The results are in: Man Bands are the new Boy Bands. Or: Man Bands are the old Boy Bands. Whatever they are, they’re still here, and for the most part, still doing their job: to romance, flirt with, propose on bended knee to, even make out with, if you’re sitting in the front row, females of all ages. It doesn’t matter if you’re seven, 17 or 70: they’ve grown up, too, so they know what you’re going through. And they’re here for you, baby.
Three such acts landed Friday night at the First Niagara Center on the both eloquently and brazenly titled Package Tour. That these adolescent-named groups – Boyz II Men, 98 Degrees and New Kids on the Block – now boast full-grown, masculine men, is a shoo-in for the machine that put them in business in the first place: ticket sales, maybe a few iTunes downloads, and plenty of merchandise. These fellas are still products, even if they’re not the hottest item on the shelf, but now, a quarter-century later, they’re something other than bare chests and baby doll faces.
Boyz II Men, the Philadelphia-born-and-raised preppies who redefined the male R&B/hip-hop crossover in the early 1990s, kicked things off with a criminally short powerhouse set. Harmonic blending and a capella tightness has never sounded so handsome.
Songs like “It’s So Hard To Say Goodbye To Yesterday,” which emphasize their musical fortitude, and “End of the Road,” which catapulted them to stardom following their 1991 debut, “Cooleyhighharmoney,” remind us that you can never beat well-rehearsed, sharply executed musicianship.
Their maturity, reinforced by a tailored collegiate look and cool, calming control, now feels at home in their 40s. The Boyz, once a foursome and now down to three (Michael McCary retired from the group in 2003 for health reasons), always exuded this confidence, but perhaps lacked a right to it when they were young and aspiring.
“On Bended Knee,” about the most romantic proposal you can imagine, and the never-tiring “I’ll Make Love To You” were never out of their range of possibility, but today feel more logical. The latter could have played on loop for two hours Friday night, and no one would have cared; a great song is a great song, and they can still sing it, if not better than before.
Their bigger brothers, the New Kids on the Block, handily picked up where the Boyz’ left off, headlining the night with a nearly two-hour set. This was a long gig for so few relative hits, but with the backup of a couple post-millennial comeback albums, it was a nicely woven set list.
The New Kids – NKOTB, as they were vaguely, desperately known at the tail end of their teenage hype – have grown into fine-acting, unobnoxiously dressed men. That their voices are not what they used to be is not a big surprise; their voices were never what they ought to have been. But they, the product of producer Maurice Starr and surely a boardroom of Columbia Records executives, were always about the popcorn. Not surprisingly, their material is still stuck in the snack phase; this is no grown-up polenta.
Oldies like “Step By Step,” “You Got It (The Right Stuff),” “Hangin’ Tough,” and “I’ll Be Loving You (Forever),” were thankfully performed as-is – not too much reworking on their gems, which despite their brittle bones, still hold up after so many years. If anything, the romantic stylings of “Please Don’t Go Girl” hold up in the same way that Boyz II Men’s power ballads do, in that they’re no less seductive or tantalizing in their old age as they were in their youthful glow.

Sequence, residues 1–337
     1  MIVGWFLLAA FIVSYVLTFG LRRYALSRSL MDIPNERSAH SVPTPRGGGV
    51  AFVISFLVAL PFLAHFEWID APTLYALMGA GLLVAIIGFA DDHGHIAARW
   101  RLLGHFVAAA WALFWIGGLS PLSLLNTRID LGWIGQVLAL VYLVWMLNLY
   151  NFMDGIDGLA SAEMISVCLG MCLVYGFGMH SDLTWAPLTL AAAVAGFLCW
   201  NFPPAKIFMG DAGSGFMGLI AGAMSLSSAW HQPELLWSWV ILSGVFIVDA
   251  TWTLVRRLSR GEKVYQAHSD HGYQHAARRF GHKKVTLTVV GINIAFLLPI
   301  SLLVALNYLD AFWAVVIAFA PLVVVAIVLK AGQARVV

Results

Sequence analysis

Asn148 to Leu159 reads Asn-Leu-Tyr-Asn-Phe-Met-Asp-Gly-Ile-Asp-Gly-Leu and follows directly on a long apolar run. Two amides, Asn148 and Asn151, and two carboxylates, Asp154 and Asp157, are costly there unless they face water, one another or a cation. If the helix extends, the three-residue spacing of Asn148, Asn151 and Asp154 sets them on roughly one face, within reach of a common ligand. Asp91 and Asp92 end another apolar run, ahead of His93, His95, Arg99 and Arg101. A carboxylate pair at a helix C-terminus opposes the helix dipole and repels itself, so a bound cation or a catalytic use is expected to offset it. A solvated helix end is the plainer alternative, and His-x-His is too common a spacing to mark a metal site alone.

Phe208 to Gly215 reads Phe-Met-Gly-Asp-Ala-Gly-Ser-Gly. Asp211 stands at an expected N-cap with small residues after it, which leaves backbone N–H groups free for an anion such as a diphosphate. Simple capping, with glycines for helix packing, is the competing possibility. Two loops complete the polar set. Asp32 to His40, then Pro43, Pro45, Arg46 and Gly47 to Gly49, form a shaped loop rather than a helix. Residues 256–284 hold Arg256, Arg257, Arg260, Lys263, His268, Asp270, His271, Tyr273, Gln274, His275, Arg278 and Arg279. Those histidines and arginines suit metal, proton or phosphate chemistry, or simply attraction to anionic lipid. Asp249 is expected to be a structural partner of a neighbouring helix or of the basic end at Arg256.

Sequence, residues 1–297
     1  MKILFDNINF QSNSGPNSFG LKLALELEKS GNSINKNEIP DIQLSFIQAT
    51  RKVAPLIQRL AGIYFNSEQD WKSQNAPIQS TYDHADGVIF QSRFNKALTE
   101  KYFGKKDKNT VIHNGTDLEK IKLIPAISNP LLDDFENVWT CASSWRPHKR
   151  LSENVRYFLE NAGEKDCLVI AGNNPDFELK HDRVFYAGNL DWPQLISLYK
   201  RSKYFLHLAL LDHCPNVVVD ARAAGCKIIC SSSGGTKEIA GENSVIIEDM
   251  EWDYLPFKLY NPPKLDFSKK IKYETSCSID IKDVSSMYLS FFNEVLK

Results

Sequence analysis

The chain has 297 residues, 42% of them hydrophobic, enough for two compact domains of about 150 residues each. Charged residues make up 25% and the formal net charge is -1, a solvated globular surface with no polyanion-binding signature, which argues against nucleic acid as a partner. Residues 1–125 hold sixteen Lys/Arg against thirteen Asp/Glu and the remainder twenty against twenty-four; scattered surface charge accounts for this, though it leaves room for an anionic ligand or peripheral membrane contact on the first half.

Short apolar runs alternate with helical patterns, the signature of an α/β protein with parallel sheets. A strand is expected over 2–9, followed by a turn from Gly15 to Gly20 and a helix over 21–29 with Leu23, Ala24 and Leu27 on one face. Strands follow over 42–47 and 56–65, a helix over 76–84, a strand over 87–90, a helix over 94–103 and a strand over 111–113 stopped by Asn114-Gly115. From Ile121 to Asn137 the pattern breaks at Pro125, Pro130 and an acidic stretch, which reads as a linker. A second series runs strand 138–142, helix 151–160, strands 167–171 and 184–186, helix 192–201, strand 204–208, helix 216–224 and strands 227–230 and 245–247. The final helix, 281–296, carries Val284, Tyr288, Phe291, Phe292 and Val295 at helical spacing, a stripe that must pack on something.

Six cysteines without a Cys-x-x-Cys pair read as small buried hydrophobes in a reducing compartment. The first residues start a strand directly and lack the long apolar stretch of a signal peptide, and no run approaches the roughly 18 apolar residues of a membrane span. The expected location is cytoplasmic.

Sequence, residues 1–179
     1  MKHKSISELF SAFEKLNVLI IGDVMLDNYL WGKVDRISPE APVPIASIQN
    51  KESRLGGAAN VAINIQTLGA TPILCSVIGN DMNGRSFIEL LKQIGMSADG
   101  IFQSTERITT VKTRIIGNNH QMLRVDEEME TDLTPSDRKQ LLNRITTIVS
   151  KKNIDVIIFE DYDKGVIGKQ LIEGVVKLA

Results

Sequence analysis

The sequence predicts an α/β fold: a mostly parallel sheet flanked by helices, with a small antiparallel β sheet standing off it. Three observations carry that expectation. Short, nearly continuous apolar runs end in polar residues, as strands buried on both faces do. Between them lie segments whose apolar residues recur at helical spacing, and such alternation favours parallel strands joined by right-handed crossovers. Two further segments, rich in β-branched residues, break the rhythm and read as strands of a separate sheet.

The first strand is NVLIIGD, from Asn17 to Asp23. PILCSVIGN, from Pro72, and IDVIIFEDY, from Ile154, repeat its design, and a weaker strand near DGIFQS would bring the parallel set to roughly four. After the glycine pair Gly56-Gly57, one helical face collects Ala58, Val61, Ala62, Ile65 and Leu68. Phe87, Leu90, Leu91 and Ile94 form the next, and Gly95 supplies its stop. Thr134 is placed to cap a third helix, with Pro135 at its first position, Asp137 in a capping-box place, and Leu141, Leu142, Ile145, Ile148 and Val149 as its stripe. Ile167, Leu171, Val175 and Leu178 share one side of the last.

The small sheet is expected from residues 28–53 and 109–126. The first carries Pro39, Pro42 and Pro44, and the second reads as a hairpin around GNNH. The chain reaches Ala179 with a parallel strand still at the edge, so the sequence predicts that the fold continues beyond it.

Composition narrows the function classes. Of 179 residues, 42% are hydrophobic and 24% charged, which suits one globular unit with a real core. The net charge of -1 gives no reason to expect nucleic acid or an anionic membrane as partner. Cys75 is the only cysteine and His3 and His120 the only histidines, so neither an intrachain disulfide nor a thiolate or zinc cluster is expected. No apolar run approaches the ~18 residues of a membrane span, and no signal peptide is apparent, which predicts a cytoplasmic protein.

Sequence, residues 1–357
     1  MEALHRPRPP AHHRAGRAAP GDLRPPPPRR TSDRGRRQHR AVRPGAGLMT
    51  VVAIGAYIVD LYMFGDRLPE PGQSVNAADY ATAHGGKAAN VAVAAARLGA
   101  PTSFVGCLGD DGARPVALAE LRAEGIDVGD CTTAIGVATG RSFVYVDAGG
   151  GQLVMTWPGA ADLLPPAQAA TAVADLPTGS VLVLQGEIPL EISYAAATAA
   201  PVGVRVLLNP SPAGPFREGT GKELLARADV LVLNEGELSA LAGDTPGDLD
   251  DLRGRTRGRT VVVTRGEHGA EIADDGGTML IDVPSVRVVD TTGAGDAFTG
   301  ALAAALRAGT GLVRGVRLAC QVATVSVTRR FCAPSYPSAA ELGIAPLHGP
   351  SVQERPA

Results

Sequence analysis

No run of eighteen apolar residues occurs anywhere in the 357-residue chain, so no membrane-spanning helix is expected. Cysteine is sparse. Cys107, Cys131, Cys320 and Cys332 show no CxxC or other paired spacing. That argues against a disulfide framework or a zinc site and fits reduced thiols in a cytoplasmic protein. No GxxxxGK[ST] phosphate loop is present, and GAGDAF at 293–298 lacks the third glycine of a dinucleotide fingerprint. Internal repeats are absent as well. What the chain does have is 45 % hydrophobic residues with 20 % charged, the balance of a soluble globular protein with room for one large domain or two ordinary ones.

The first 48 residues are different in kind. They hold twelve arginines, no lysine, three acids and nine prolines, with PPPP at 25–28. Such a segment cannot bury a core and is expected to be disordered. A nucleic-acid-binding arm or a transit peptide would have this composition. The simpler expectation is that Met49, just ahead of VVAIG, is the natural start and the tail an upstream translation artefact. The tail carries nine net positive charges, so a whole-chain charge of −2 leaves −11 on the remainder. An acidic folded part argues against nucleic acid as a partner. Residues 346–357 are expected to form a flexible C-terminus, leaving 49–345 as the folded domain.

Headlining voices Jordan Knight, Joey McIntyre and Donnie Wahlberg, who would collectively go on to record solo albums, perform on Broadway and appear on film, have earned some significant stage presence in such time. Knight and McIntyre, especially, hold court as solo-capable stars, while the ab-errific Donnie (big brother to ab-dominating actor Mark), once a tough boxer-like bro, is now a welcoming tour guide. Gentle giants, man; they touch a nerve, every time.
It felt old-school, from the nostalgic music to the contagious choreography to the simple set – no backdrops, no video screens, no flying winged creatures; just an entrance at the end of the arena and a large platformed center stage, with plenty of lights and risers to illuminate it all. It felt categorically ’80s, in a downplayed, humble, fan-driven way. A lovely departure from the spectacles recently rolled through town.
But in the middle of the night’s two love letters, genuinely written and delivered by arguably two of the greatest boy bands of all time, boringly stood one lame duck. If you can name more than half of the names of the fools in 98 Degrees, you’re better fans than this arena would let you think. Nick Lachey, arguably famous only for marrying and so brilliantly broadcasting his marriage to Jessica Simpson, is one; and ... I think another is ... Scott? Todd?
Culled from a later revival of hot guy product, these dudes are duds, from their mall wardrobe to their squinty winking, from their point-and-smiles to their – oh, right – total lack of musical proximity.
Frankly, they were lucky to have gotten on this bill, considering the standards their brothers set for them, and the lessons their performances offered: that adolescent pop fanaticism is great for a moment, but that when done right, without the spectacle of controversy and globetrotting cockiness – I’m looking at you, Bieber – you can still mean something 25 years later. If you’re lucky.